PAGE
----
The coming food crisis and how to respond to it

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The food system is beginning to enter a major crisis. And, it seems, it has only just begun. A 180-degree turnaround is needed for the food system to adapt to the critical situations we are already experiencing, and some that are yet to come and are already in sight for anyone who dares to look.

A few days ago, India banned wheat exports, and the price immediately shot up. Indonesia, by far the largest producer and exporter of palm oil, has also done the same with its flagship product for more than a month. In total, 23 countries have already introduced protectionist measures for the food sector, and just as many have done the same for fertilizers. This is a trend that has every chance of increasing in the post-war world of Ukraine, which will not be the same world.

Nor can we count much anymore on two of the major grain and fertilizer producers, namely Ukraine and Russia, at least as long as the ongoing conflict continues. And these are just some of the most flagrant cases, but there are many more. But let no one be deceived, the situation had been brewing since long before the Russian invasion and the main reasons are neither warlike nor circumstantial.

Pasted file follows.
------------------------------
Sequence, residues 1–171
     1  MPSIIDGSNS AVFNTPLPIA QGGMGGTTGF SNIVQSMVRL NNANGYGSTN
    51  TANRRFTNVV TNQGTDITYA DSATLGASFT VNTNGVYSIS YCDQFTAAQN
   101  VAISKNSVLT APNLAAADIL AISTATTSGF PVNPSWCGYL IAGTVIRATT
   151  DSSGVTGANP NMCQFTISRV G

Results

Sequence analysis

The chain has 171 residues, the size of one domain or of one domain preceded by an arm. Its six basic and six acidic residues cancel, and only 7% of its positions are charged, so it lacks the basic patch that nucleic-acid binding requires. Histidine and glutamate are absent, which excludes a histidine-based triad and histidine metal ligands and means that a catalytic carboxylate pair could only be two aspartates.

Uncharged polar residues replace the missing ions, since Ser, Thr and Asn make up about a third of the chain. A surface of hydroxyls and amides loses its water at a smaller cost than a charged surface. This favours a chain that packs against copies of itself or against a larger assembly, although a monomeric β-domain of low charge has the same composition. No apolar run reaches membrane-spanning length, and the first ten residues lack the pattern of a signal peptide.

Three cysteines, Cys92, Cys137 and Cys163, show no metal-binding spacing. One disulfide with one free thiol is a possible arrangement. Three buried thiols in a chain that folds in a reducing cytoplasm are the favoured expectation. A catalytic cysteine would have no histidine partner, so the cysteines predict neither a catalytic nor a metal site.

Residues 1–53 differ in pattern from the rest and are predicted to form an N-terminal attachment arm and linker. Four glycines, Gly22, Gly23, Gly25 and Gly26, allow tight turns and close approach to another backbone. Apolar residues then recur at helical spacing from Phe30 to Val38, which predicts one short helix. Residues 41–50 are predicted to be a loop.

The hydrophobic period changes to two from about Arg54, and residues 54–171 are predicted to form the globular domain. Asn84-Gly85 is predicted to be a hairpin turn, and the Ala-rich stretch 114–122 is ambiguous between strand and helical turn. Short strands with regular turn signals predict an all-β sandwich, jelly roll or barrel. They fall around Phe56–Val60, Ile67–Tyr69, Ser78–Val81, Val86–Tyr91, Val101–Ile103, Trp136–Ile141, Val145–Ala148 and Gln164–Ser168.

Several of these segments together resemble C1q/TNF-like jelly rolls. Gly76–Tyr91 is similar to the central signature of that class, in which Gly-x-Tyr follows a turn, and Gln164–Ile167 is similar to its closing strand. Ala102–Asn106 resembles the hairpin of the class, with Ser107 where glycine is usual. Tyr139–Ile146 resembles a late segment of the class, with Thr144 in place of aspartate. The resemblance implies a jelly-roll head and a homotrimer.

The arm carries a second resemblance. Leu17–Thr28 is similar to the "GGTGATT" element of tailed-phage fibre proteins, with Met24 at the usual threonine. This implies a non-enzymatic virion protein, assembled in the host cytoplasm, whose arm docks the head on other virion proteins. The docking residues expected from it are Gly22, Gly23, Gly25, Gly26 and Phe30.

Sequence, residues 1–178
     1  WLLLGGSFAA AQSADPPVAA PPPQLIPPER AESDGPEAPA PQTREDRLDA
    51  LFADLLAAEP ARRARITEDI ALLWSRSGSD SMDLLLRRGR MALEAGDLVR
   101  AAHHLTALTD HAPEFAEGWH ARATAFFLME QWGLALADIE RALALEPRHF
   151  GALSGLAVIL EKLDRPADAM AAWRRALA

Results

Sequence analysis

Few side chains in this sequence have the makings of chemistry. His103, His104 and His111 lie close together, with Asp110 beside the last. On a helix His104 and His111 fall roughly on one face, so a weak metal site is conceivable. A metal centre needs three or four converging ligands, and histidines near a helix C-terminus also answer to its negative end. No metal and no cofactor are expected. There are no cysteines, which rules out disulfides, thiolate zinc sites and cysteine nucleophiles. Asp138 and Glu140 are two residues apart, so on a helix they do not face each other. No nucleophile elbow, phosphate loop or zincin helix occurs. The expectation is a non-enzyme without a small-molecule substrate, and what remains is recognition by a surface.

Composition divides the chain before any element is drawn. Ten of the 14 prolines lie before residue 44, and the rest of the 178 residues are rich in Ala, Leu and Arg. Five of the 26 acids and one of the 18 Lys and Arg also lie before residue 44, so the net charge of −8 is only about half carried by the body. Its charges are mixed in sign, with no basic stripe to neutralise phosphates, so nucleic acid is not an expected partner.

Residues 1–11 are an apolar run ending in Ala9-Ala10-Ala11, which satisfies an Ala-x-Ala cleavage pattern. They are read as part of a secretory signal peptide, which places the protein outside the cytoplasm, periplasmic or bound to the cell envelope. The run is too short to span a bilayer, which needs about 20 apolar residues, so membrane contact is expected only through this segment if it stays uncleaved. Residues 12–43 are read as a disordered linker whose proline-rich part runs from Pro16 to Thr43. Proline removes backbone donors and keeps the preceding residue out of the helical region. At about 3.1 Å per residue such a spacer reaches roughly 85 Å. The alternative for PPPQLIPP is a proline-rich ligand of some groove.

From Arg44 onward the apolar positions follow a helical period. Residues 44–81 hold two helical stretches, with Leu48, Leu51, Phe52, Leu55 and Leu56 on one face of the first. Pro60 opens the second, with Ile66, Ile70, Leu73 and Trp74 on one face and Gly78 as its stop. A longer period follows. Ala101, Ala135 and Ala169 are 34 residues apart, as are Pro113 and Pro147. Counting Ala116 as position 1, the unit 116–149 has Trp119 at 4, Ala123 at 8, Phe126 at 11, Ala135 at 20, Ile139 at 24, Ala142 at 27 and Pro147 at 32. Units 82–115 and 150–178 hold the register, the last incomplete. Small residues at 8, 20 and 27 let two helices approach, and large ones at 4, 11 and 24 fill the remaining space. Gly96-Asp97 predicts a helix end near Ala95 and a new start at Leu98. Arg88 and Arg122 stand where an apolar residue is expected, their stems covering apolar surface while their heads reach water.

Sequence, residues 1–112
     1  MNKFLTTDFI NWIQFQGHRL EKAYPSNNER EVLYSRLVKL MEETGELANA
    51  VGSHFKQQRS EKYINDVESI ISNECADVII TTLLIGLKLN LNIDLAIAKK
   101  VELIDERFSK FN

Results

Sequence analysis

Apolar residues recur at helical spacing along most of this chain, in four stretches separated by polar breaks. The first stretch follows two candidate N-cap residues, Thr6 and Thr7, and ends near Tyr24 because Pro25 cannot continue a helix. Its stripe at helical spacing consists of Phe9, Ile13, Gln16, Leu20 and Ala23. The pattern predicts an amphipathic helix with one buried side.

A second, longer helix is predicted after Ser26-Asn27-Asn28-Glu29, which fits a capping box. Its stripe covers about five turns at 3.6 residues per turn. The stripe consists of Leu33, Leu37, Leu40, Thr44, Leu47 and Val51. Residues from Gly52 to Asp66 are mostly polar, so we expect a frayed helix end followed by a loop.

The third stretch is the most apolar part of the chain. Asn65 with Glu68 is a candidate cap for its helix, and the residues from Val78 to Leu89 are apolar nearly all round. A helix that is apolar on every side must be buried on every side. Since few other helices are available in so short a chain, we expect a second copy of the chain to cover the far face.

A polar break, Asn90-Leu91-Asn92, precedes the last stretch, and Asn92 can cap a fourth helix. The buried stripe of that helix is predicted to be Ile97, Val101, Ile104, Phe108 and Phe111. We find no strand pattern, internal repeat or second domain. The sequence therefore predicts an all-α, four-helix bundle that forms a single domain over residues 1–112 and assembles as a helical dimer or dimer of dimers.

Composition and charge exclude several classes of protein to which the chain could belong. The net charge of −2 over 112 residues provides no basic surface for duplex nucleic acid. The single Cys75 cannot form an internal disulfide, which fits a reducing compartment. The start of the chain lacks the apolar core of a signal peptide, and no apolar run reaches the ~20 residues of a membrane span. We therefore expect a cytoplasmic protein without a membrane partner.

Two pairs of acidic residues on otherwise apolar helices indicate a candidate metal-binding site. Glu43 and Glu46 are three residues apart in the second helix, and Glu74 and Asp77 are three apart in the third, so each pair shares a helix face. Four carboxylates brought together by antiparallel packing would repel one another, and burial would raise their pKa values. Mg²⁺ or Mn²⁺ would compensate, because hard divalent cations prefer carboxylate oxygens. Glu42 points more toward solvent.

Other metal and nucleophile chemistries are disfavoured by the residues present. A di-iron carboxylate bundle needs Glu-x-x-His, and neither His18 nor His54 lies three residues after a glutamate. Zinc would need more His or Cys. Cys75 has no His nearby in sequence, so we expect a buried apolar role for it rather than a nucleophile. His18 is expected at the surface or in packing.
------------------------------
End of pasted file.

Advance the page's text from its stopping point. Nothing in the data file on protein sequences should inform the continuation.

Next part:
They are mainly energetic and permanent. Systemic.

In fact, the food system is a complex system, and the dynamics of these systems make them susceptible to disruptions that spread throughout the chain. A butterfly effect collapse cannot be ruled out in the medium term throughout the food chain.

We eat fossil fuels.

And not only because they are needed to transport or refrigerate both food and the materials needed in the stressed supply chain, but also because, directly, part of the fossil fuels we extract are also used in the production of pesticides and, above all, fertilizers for "modern agriculture". About one third of all the energy used in the agricultural sector is used for the manufacture of inorganic fertilizers.

If the price of energy goes up, so does the price of fertilizers, transportation and almost all production processes. Ergothe escalation of food prices is inevitable, and that is why the FAO anticipates a global food crisis worse than that of 2011 this year. All this without taking into account the speculation of the financial markets, always as intelligent and opportune in the allocation of resources as they have been to date.

The world's granaries are drying up.

We have become completely dependent on substances that have greatly increased agricultural yields, but which in turn degrade farmland and rely on a continuous and ever-increasing injection of energy - increasingly scarce - that is literally thrown and scattered on the ground. The misnamed "green revolution," which was actually black - raw color - led us to believe that we could leave the specter of hunger behind forever, a dream from which we may awaken abruptly with real nightmares.